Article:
As women’s health continues to come under attack at the federal and state level the importance of advocacy cannot be overstated. We need educated voices to weigh in on key issues. It is only through continued advocacy that we can protect our patients’ access to care and preserve the sanctity of the physician-patient relationship.
Ob-gyns are getting the message: More than 330 ob-gyns attended ACOG’s annual Congressional Leadership Conference (CLC) in March—our highest attendance yet. During the CLC, we have the opportunity to meet with congressional leaders to call attention to key ob-gyn issues. We also learn about the importance of women’s health advocacy on the state level, where many laws that affect how we care for our patients are passed. Often, our expert testimony can be very meaningful when bills are still in committee.
In Virginia, we were struggling to find a way to have physicians available for these committee sessions, but we believe we’ve found a good solution. Each year, the Virginia Section sponsors approximately six members to attend the CLC. This year, to encourage state advocacy, we adopted a “pay it forward” approach to this sponsorship. We now expect our sponsored members to spend one full day during the legislative session in Richmond, ready to speak to lawmakers.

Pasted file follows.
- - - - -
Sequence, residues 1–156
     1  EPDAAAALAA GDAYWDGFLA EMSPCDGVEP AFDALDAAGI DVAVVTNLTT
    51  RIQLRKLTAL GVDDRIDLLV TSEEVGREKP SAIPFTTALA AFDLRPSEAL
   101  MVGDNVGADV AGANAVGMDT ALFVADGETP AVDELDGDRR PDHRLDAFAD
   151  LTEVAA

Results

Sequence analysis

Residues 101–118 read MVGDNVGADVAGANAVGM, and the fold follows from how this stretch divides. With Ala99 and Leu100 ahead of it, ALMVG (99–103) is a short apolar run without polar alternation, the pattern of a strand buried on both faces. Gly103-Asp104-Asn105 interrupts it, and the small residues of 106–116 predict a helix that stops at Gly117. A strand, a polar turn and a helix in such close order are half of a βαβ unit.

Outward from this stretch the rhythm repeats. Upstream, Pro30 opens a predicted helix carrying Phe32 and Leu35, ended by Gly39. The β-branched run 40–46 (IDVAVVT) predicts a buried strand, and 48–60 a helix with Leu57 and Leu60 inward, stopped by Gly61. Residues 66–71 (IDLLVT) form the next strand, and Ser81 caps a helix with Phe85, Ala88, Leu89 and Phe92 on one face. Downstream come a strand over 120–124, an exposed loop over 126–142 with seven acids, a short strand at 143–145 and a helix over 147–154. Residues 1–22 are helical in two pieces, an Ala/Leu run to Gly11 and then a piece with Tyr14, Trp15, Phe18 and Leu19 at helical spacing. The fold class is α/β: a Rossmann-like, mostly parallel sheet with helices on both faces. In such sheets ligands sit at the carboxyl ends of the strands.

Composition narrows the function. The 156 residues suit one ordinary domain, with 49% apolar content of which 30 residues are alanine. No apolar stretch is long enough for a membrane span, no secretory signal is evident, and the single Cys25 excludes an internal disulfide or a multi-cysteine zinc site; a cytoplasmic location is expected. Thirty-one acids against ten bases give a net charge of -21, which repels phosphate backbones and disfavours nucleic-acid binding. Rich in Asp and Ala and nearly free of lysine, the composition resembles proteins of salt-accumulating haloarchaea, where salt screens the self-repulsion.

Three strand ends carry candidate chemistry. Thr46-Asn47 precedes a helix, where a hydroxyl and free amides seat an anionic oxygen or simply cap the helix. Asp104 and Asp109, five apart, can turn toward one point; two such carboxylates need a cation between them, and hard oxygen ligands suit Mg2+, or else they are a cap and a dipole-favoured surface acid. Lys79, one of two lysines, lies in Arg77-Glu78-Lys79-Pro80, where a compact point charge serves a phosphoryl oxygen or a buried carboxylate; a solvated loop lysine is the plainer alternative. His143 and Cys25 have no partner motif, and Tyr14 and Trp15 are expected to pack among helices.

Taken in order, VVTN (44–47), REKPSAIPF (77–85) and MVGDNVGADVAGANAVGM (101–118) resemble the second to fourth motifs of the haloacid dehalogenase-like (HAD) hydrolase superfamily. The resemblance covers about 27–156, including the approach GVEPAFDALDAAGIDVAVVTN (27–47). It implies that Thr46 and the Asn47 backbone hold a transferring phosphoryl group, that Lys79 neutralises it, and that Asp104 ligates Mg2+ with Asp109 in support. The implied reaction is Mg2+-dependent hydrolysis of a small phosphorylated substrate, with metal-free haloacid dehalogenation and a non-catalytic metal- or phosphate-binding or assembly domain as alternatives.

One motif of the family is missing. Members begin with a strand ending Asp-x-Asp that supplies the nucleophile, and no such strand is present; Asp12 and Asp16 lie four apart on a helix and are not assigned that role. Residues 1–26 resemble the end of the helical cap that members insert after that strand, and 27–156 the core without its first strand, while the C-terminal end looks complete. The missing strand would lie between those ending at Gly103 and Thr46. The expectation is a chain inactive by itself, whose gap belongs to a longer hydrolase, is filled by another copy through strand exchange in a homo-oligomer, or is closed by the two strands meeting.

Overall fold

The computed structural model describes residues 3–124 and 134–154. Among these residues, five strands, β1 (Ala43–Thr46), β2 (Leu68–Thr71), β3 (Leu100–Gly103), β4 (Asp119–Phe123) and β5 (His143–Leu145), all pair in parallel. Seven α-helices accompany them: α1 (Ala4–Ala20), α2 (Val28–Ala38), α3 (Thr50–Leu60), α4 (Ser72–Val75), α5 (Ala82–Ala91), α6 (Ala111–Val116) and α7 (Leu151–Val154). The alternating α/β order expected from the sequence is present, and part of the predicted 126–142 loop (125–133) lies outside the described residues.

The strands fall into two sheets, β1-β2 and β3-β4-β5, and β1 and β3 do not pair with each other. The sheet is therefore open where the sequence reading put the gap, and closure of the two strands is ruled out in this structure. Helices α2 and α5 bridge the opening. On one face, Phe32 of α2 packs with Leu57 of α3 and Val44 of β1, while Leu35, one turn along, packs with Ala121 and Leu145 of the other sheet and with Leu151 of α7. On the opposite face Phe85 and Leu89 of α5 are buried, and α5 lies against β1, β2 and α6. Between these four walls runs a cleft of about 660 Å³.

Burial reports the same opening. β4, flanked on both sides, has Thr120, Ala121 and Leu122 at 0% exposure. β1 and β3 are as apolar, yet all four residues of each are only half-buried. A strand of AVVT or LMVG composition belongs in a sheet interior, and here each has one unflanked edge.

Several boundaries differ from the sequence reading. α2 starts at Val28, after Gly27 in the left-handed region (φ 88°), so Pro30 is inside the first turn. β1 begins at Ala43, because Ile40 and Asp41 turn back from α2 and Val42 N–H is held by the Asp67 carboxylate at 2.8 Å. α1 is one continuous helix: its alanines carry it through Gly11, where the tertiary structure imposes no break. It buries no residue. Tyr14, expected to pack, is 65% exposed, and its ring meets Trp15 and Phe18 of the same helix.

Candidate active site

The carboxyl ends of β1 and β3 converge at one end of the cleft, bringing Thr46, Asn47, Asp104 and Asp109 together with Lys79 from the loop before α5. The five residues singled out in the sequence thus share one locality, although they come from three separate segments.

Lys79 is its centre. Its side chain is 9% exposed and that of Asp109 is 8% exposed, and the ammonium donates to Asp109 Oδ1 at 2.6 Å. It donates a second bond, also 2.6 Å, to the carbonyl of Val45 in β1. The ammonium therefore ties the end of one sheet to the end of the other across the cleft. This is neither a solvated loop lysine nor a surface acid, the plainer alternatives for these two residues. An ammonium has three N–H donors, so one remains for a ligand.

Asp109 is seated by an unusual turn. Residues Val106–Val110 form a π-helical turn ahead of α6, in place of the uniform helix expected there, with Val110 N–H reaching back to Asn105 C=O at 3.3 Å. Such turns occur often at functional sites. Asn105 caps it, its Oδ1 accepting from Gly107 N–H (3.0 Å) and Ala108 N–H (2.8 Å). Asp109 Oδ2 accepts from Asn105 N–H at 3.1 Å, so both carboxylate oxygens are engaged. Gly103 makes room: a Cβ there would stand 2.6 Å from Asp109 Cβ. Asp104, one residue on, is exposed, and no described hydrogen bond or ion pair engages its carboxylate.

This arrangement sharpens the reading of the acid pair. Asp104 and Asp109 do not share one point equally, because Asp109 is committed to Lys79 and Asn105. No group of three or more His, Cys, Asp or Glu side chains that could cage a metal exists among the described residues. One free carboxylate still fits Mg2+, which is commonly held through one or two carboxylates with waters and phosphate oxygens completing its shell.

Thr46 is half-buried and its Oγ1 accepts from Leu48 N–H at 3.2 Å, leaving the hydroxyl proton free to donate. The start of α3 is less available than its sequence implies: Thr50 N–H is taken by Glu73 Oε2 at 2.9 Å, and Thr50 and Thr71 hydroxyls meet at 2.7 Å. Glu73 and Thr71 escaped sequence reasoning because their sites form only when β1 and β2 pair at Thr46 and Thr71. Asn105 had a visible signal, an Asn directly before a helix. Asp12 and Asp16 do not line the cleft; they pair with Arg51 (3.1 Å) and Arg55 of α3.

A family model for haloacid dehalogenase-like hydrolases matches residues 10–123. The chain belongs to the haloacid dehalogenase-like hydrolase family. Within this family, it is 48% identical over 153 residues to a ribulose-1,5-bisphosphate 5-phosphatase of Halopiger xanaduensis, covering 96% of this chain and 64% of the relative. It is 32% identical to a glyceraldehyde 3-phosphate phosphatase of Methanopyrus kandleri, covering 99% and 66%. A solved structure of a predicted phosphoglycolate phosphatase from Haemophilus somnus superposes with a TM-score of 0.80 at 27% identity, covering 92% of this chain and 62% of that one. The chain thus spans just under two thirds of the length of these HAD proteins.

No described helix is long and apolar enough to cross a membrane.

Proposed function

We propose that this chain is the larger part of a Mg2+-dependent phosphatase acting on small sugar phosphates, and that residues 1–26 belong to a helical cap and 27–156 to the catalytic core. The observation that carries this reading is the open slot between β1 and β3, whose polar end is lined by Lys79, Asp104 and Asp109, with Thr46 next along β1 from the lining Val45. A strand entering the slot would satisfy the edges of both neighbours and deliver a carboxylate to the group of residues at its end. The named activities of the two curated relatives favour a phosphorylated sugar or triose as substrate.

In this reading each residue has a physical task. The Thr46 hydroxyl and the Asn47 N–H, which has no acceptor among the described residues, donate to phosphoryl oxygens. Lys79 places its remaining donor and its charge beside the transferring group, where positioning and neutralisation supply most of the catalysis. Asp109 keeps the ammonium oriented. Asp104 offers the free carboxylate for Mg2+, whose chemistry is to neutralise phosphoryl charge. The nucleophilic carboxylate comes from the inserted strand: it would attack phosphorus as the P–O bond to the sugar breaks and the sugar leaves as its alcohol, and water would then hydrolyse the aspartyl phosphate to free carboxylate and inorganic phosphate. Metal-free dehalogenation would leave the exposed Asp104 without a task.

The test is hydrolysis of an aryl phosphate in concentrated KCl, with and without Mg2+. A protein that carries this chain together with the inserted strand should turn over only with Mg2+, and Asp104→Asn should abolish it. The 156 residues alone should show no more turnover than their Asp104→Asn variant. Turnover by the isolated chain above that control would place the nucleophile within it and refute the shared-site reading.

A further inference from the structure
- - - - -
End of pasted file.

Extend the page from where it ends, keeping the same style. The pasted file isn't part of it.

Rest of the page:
The Virginia General Assembly meets every year from January to March. The key committees meet on Tuesdays and Thursdays, and bills often come up without warning. Our lobbyist can testify on our behalf, but the message is always better received when delivered by a physician. In 2013, we aimed to have at least one ACOG Fellow or Junior Fellow attend each Tuesday and Thursday of the legislative session.
By implementing this new system, as bills came up, there was always someone who could testify. Our lobbyist knew she would have coverage, and we knew our voices would be heard. On days when testimony was not needed, the ob-gyn would accompany our lobbyist on “rounds” of key legislators to discuss women’s health issues from our perspective.
Our CLC group wasn’t large enough to cover every Tuesday and Thursday during the session, so we also asked other ob-gyns to volunteer, offering to reimburse them for mileage and lunch. Our ob-gyn representatives enjoyed their one-on-one experience and are looking to build on the relationships they formed in the off-season so that we can continue to be strong advocates for women’s health.
We found this new process to be a very effective way to encourage state advocacy, and we hope to expand participation in 2014 by increasing volunteer outreach at our annual section meeting. I invite other ACOG sections to give this formula a try. More voices in more states speaking up for women is a goal that we should all strive to achieve.
Holly S. Puritz, MD is chair of ACOG’s Virginia Section.
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